4. man, are more people really dusting off the nuclear war bogeyman? is Foust really going to make that assertion even though it flies in the face of his qualifications? true, that Taliban and Al Qaeda didn’t get along before the war, but they will after! true, the ISI would never let the Taliban get nuclear weapons (as if they were ever in a position or had the responsibility of managing them), but bored insurgents could start a war between India and Pakistan. and then things would really be messed up! too bad for all of us who don’t support the war that there’s all this strong evidence to back up these assertions.

    i think Robert Peterson’s comment when FM first aired this wackiness got to the heart of the issue–we’re chasing ghosts now. we are now team America, international ghostbusters.

    then again, from a policy standpoint, i guess this kind of thinking does make sense. you invent a straw man of an enemy, tilt at him, and if nothing happens (as is likely) the policy is successful. if something does happen, the only thing that went wrong was we weren’t vigilant enough and its justification to keep on fighting the terrorists, but this time with a stronger mandate. it’s a policymaker’s dream.

  5. Political “science” is the most dubious of the academic rackets spawned in the last half century. Should be giving Nobels for it in another generation. I do not wish to compare Pakistan with non-states, most of Africa. It is in the heartland of human civilization, has remarkable people and a deep culture. It also has serfdom despite a century of effort to reform. It fought a vicious, almost genocidal war to prevent its western provinces from seceding despite a claim to represent the Islamic “interest” in South Asia. More than 80% of its 175 million people are illiterate despite claims it is otherwise. Millions go hungry every day. It has had numerous coups and been ruled by military cliques for more than half its life. Two of its most popular leaders have been murdered, one by a kangaroo court and one assassinated, probably in collusion with security forces. Helping Pakistan heal itself is imoportant; quibbling over labels made up by pukka sahibs is not, but kept afloat by Arab money, Chinese machinations, and American delusions is hardly a way for it to become whole.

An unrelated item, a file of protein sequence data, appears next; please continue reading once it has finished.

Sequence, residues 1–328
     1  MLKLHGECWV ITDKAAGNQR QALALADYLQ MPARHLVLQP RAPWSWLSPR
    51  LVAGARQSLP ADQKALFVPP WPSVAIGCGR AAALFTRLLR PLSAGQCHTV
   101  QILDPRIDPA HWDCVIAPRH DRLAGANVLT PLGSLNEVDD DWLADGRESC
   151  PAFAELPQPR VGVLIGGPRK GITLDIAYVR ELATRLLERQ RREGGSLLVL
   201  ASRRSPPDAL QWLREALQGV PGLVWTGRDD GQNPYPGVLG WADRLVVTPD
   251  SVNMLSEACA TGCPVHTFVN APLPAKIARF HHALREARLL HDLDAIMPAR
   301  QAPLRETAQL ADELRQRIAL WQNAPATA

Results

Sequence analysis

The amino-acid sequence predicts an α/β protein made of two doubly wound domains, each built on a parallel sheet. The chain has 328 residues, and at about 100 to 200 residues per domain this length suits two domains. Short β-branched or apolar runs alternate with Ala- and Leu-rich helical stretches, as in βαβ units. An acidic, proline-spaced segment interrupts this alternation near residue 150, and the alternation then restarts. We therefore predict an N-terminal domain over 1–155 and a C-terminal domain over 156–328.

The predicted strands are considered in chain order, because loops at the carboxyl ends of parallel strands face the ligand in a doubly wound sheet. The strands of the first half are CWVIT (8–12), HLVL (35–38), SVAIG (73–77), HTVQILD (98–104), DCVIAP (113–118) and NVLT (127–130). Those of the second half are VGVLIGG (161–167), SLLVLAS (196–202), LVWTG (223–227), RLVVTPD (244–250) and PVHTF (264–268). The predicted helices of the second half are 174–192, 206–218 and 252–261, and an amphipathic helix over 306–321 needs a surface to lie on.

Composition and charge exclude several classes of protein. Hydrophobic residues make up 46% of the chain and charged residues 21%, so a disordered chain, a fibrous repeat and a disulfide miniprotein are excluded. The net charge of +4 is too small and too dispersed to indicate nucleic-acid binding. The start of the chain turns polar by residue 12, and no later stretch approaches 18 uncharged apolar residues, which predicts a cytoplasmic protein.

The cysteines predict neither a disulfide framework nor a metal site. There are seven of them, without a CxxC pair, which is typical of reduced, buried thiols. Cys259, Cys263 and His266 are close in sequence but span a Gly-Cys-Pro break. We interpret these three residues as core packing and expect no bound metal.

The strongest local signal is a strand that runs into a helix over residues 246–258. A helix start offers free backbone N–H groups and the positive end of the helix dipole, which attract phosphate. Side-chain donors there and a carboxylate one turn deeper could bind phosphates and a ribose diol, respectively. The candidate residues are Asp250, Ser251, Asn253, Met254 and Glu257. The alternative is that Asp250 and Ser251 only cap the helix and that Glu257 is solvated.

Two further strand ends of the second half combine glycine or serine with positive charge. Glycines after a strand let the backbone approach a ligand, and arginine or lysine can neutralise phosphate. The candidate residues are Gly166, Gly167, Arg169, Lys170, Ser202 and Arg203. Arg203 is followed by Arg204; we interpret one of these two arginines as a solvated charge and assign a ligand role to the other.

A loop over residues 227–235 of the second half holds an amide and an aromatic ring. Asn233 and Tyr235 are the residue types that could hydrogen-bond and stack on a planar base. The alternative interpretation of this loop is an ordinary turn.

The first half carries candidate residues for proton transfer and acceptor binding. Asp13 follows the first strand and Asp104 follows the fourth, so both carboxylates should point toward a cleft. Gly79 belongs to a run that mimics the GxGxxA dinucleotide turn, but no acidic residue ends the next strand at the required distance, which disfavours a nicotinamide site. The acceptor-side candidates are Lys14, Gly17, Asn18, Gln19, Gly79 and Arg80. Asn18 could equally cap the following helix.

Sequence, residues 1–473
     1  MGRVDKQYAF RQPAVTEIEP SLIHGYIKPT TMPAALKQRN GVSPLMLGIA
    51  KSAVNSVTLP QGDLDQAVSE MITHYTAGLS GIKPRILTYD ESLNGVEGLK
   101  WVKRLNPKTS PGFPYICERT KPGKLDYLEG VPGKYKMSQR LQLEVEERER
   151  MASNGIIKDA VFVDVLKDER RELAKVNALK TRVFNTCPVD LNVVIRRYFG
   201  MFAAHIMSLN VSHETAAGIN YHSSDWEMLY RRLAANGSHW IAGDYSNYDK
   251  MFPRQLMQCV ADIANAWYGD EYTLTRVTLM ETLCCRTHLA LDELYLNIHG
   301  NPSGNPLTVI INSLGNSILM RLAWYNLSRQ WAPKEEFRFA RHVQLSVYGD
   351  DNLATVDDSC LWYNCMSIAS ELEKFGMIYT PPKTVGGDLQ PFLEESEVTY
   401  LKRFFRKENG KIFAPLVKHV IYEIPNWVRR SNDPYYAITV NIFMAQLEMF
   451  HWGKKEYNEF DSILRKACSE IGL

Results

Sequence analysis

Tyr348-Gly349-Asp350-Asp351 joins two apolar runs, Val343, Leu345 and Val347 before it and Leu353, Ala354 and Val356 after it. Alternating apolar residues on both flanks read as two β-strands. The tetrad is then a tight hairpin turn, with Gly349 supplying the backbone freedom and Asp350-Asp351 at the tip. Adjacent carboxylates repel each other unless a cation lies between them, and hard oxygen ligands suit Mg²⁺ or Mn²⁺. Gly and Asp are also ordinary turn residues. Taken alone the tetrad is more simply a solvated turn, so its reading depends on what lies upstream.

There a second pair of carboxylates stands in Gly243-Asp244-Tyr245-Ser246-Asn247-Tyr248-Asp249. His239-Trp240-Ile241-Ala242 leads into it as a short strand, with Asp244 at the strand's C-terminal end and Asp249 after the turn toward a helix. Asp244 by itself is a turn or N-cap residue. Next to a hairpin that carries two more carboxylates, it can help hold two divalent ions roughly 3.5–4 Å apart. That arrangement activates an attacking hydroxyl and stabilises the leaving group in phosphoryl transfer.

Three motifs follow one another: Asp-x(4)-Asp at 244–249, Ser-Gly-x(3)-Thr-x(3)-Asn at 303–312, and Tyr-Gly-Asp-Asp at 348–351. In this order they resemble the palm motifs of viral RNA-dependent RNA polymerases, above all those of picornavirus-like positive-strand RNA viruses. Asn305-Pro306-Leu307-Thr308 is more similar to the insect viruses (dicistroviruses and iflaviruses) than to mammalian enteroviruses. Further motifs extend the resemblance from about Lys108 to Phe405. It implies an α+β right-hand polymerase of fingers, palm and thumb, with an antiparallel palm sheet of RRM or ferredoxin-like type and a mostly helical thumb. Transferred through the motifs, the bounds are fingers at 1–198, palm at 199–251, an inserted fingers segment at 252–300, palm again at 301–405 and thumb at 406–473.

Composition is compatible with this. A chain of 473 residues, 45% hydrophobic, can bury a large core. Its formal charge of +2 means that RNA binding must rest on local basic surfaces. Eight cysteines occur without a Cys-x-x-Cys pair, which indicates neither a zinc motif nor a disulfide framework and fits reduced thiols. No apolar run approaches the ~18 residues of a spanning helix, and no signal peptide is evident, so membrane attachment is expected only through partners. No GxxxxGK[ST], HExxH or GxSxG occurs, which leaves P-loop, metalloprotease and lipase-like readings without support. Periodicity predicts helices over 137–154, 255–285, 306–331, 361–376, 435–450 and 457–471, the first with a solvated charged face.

6. Nicholas Weaver

    Thanks for the very complementary link to my slideset, it means a lot coming from you. The tuorial was given on July 15th, 2009. I should have put a date on the slides.

    FM: “As for the war — I wonder about the reasons for the passion of the war’s advocates. Based on a half-dozen or so email conversations during the past 2 months, perhaps there is something deep at work here — beyond the surface reasons. Could the war result in part from some atavistic impulses? In “Culture of War”, Martin van Creveld shows that we love war on many levels.

    Hmm?!? That seems a very interesting hypothesis. Especially since we are now in a world where so many of the war’s advocates are without real risk?

    Isn’t this why, back in 03-04, some anti-war activists were trying to get the draft reinstated?

  7. FM: “Could the war result in part from some atavistic impulses? In “Culture of War”, Martin van Creveld shows that we love war on many levels.

    Nicholas Weaver: “That seems a very interesting hypothesis. Especially since we are now in a world where so many of the war’s advocates are without real risk? Isn’t this why, back in 03-04, some anti-war activists were trying to get the draft reinstated?”

    I remember that, it was Chuck Rangel who introduced the legislation I believe.

    I think those are both interesting points, but I think these wars also had some real politick motives to them. Democracy and free markets to open up resource in Iraq and to provide an example of Arab democracy to the Middle East on the one hand, and it just so happened we’d have military bases and presence surrounding Iran on the other. I think a love of war and a removal from the violence makes these goals seem more rational, but I’m not sure they are in and of themselves intrinsic motivators.
    Fabius Maximus replies: And our “rational” motives for Afghanistan? (Please don’t mention the pipe-stan nonsense).

  8. I thought you might be interested in Stephen Grey’s piece in the new issue of Prospect, in which he examines where Britain has gone wrong in Helmand, and where it continues to go wrong. The piece is free to read at Prospect’s website: “Cracking on in Helmand“, Stephen Grey 27 August 2009 — “Britain’s bloody campaign in Afghanistan has been marred by hubris, confusion and a failure to understand our Taliban adversaries. Finally, some lessons have been learned. But it might already be too late.”

    Please feel free to weigh in with your own thoughts in the comment section below the piece.